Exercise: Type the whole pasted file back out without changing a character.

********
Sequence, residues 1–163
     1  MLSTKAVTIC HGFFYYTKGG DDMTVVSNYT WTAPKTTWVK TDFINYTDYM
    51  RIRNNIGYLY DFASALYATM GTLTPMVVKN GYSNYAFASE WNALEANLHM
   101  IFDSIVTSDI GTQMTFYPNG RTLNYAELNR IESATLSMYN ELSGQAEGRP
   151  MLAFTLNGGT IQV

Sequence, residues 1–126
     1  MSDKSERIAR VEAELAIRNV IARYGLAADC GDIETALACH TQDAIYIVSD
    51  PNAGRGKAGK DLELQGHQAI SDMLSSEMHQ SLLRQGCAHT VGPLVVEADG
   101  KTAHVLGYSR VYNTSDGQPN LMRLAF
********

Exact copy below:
Sequence, residues 1–163
     1  MLSTKAVTIC HGFFYYTKGG DDMTVVSNYT WTAPKTTWVK TDFINYTDYM
    51  RIRNNIGYLY DFASALYATM GTLTPMVVKN GYSNYAFASE WNALEANLHM
   101  IFDSIVTSDI GTQMTFYPNG RTLNYAELNR IESATLSMYN ELSGQAEGRP
   151  MLAFTLNGGT IQV

Sequence, residues 1–126
     1  MSDKSERIAR VEAELAIRNV IARYGLAADC GDIETALACH TQDAIYIVSD
    51  PNAGRGKAGK DLELQGHQAI SDMLSSEMHQ SLLRQGCAHT VGPLVVEADG
   101  KTAHVLGYSR VYNTSDGQPN LMRLAF